• A Critical Look at Event-Driven Systems: Bernd Rücker at QCon London

    There is currently a hype in adoption of event-driven systems. Sometimes they are almost seen as the “magic thing” in our strive for decoupled systems, Bernd Rücker noted at the recent QCon London 2019. In his presentation he took a critical look at three common hypotheses around event-driven systems: events decrease coupling, Orchestration needs to be avoided, and Workflow engines are painful.

  • Recommendations When Starting with Microservices: Ben Sigelman at QCon London

    During the years Ben Sigelman worked at Google, they were creating what we today call a microservices architecture. Some mistakes were made during this adoption, which he believes are being repeated today by the rest of the industry. In his presentation at QCon London 2019, Sigelman described his recommendations to avoid making these mistakes when starting with microservices.

  • Building Services at Scale at Airbnb: QCon London Q&A

    The re-architecture to SOA at Airbnb improved the performance of the services and site reliability. Faster build and deploy times led to increased developer productivity, and improving clarity and boundaries for ownership increased efficiency. Jessica Tai, a software engineer at Airbnb, presented Airbnb’s Great Migration: Building Services at Scale at QCon London 2019.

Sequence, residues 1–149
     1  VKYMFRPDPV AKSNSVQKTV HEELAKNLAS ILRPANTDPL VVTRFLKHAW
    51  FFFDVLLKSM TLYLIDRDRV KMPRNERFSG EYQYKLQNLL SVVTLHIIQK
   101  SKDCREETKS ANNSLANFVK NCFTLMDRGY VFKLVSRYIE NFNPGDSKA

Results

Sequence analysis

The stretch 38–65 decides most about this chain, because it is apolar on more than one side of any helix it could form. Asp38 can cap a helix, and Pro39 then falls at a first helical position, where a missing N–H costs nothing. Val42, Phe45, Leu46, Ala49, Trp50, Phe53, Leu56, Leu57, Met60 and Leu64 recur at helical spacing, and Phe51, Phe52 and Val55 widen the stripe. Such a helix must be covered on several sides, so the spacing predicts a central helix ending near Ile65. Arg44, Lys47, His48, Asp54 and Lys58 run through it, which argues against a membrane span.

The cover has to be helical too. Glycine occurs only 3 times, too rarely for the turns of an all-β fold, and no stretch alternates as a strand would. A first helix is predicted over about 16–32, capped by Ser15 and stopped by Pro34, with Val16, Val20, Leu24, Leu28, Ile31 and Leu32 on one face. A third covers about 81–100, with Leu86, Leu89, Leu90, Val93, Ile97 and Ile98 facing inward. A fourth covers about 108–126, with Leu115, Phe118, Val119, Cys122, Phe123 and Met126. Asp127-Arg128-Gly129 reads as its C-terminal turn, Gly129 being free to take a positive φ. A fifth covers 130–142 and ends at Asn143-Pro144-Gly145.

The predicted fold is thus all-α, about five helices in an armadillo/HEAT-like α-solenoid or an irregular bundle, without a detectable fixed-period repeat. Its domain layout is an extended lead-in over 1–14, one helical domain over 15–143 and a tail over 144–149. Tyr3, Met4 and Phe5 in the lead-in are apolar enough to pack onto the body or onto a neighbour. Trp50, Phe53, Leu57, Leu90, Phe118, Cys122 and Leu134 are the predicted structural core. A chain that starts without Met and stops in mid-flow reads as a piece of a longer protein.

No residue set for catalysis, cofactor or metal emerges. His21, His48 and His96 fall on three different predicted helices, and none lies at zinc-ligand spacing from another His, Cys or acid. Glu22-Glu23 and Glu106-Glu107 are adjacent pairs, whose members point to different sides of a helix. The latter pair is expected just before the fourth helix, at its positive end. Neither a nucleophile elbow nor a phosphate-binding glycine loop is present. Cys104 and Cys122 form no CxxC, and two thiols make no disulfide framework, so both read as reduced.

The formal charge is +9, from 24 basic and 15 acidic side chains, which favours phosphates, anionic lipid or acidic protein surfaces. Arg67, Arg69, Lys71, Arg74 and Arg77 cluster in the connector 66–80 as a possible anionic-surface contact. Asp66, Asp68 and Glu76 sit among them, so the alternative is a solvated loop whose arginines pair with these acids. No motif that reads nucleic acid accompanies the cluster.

• The Importance of Event-First Thinking

    For global businesses to meet today’s architectural challenges with constant change and extreme scale, we need to go back to the basic principles of system design. The common element in the problems we face is the notion of events driving both actions and reactions, Neil Avery writes in a series of blog posts describing why events are so important and the advantages of an event-first approach .

  • Airbnb's Migration from Monolith to Services

    Jessica Tai spoke at QCon San Francisco 2018 about Airbnb's move from a Ruby on Rails monolith architecture to a service-oriented architecture. The company has expanded from 200 engineers in 2015 to 1,000 and has less downtime due to rollbacks and has improved performance with page load times up to 10x faster.

  • Debugging Microservices Running in Containers: Tooling Review at KubeCon NA

    At KubeCon NA held in Seattle in December 2018, several tools for debugging containerised microservices were presented throughout the conference sessions and the sponsored booths demonstrations. A notable separation appears to be occurring within the market, between "active" and "passive" debugging tools. Two examples within these categories are Rookout and Squash, respectively.

  • Using Contract Testing for Applications with Microservices

    When using microservices, integration points between services are a hotbed for bugs. With consumer-driven contract testing, the consumer defines the contract and verifications are made against it within the providers build/test lifecycle. Contract testing fits well into a microservice workflow and kills your integration bugs, argued Maarten Groeneweg at the European Testing Conference 2019.